Stars flood White House for Obama's final Medal of Freedom ceremony
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The White House saw stars on Tuesday as more than 20 famous names — including Michael Jordan, Bruce Springsteen, Vin Scully, Tom Hanks, Robert De Niro, Diana Ross and many others — gathered to be honored by President Obama in his final Presidential Medal of Freedom ceremony.

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Obama said this year’s picks for the nation’s highest civilian honor were “personal,” telling the audience, “Everybody that is on this stage has touched me in a very powerful, personal way, in ways that they probably couldn’t imagine.”

“These are folks who helped make me who I am and think about my presidency,” Obama said.

The commander in chief struggled in physically presenting some of the award recipients with their medals. Diana Ross’s massive hairdo slowed down the president as he attempted to put a medal around her neck.

And basketball legend Kareem Abdul-Jabbar, who stands 7 feet 2 inches tall, towered over Obama and leaned back to assist him during his award presentation. Obama, who’s 6 feet 1 inch, had a similar issue with the 6-foot-6-inch Jordan.

Earlier in the East Room ceremony, Obama had poked fun at the Chicago Bulls superstar, saying there were a lot of impressive people on stage with him. There are “renowned character actors, like the guy from ‘Space Jam,’” Obama quipped of Jordan’s 1996 zany, kid-friendly flick.

Ellen DeGeneres, who earlier in the day tweeted that she had forgotten her ID and was unable to enter the White House, managed to make it into the ceremony after all. Obama praised DeGeneres in his remarks, saying many forget “just how much courage was required to come out on the most public of stages.” The daytime talk show host appeared visibly emotional after accepting her medal, wiping away tears from her eyes.

Chants of “Bruuuuuce!” could be heard from the crowd as Springsteen approached Obama. “I am the president,” Obama said of the E Street frontman, “but he is The Boss.”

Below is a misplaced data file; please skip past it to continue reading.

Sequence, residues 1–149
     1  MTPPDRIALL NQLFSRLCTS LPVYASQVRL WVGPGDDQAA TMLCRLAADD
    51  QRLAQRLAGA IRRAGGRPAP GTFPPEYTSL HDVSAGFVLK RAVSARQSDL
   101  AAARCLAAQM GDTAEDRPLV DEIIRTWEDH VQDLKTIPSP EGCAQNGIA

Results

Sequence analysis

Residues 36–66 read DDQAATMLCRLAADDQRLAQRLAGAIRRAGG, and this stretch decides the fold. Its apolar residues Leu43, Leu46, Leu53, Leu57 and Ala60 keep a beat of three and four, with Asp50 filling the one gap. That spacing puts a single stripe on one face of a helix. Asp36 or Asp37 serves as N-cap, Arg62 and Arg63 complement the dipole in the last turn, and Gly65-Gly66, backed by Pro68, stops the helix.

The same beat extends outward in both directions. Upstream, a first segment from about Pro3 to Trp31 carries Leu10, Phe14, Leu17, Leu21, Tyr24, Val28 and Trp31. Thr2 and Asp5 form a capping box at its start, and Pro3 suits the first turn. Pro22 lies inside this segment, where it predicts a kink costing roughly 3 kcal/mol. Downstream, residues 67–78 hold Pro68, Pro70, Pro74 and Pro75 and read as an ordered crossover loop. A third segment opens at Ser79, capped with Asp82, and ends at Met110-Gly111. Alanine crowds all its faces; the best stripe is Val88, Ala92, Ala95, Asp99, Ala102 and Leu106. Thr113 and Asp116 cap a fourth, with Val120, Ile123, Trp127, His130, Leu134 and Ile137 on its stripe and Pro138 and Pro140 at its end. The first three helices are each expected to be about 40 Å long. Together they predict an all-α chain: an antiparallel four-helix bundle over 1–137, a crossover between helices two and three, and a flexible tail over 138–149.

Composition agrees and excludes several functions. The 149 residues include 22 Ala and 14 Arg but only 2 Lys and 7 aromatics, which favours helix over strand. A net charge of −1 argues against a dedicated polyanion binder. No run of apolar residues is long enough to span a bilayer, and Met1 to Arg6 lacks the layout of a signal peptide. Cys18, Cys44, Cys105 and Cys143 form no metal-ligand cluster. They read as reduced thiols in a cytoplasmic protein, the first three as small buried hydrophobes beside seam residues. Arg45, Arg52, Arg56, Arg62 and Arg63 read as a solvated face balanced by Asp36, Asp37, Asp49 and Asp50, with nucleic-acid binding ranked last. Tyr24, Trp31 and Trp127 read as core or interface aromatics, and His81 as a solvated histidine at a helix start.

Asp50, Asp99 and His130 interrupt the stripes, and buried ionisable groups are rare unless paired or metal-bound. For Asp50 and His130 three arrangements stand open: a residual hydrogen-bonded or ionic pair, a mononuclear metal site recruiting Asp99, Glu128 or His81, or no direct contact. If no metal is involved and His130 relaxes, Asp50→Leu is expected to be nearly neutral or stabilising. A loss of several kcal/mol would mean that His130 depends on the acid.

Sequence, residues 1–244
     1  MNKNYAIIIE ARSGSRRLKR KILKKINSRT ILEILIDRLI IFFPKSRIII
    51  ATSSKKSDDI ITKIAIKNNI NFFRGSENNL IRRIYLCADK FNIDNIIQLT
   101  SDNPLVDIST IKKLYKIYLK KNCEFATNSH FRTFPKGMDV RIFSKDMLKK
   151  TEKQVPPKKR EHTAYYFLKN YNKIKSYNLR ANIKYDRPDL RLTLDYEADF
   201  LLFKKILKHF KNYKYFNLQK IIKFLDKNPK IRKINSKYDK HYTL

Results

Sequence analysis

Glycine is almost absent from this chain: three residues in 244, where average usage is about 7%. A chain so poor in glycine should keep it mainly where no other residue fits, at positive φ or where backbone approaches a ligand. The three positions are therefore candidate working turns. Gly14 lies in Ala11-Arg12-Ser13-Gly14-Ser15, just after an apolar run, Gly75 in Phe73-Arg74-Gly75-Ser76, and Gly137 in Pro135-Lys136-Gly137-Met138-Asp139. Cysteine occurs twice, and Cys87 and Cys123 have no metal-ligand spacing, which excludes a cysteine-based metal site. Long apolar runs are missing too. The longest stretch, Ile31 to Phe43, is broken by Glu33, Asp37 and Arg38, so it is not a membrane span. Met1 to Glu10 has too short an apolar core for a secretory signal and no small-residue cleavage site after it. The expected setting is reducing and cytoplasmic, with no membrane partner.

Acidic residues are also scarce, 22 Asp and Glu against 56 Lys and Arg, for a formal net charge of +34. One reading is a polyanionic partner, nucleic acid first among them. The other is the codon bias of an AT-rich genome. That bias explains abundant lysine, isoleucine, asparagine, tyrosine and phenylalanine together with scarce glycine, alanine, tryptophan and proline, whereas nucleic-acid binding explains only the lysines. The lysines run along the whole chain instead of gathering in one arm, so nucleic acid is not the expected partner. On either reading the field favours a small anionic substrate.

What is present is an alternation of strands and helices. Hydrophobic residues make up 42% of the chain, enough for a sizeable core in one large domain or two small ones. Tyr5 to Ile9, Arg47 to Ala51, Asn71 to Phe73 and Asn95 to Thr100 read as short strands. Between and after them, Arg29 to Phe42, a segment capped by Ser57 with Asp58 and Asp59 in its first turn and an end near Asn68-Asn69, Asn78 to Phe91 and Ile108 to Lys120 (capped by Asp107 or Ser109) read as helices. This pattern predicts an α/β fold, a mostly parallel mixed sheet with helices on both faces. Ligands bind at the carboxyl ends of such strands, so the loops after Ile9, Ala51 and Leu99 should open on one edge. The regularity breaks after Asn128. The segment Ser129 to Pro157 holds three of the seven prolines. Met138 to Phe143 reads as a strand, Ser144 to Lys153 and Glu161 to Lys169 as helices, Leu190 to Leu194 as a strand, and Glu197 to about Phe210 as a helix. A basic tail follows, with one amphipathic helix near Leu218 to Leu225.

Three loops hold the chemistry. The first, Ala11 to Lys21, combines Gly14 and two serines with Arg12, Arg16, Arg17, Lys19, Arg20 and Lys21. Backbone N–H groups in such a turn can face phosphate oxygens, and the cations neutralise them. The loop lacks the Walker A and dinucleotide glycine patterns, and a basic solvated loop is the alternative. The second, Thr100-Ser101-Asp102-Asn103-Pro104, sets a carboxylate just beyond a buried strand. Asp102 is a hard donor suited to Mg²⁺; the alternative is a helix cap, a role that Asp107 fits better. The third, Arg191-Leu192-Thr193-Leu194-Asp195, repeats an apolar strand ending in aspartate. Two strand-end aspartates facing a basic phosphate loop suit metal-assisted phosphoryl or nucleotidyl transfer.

Other recipients of the Medal of Freedom included “Saturday Night Live” creator Lorne Michaels, actor/director Robert Redford, actress Cicely Tyson, actor Tom Hanks, Bill and Melinda Gates, physicist Richard Garwin, architect Frank Gehry, NASA scientist Margaret H. Hamilton, artist Maya Lin, attorney Newt Minow and educator Eduardo Pardon. 

Posthumous awards were given to Native-American advocate Elouise Cobell and software engineer Grace Hopper.

Many of the honorees and their family members had a little fun before the main event, participating in a "mannequin challenge" inside the White House.

An array of administration officials, celebs and lawmakers were eyed in the audience at the ceremony: Rep. Joe Crowley (D-N.Y.) was seen chatting briefly with DeGeneres; Rita Wilson, there to support husband Hanks, shared a laugh with Secretary of State John KerryJohn Kerry Overnight Energy & Environment — Presented by Climate Power — Interior returns BLM HQ to Washington Biden confirms 30 percent global methane reduction goal, urges 'highest possible ambitions' 9/11 and US-China policy: The geopolitics of distraction MORE and Vice President Biden; Ashlee Simpson and husband Evan Ross, Ross’s son, brought their baby daughter; and Sens. Chris CoonsChris Andrew CoonsBiden threatens more sanctions on Ethiopia, Eritrea over Tigray conflict Senate Democrats to Garland: 'It's time to end the federal death penalty' Hillicon Valley: Cryptocurrency amendment blocked in Senate | Dems press Facebook over suspension of researchers' accounts | Thousands push back against Apple plan to scan US iPhones for child sexual abuse images MORE (D-Del.) and Dick DurbinDick DurbinManchin keeps Washington guessing on what he wants Democrats hope Biden can flip Manchin and Sinema US gymnasts offer scathing assessment of FBI MORE (D-Ill.).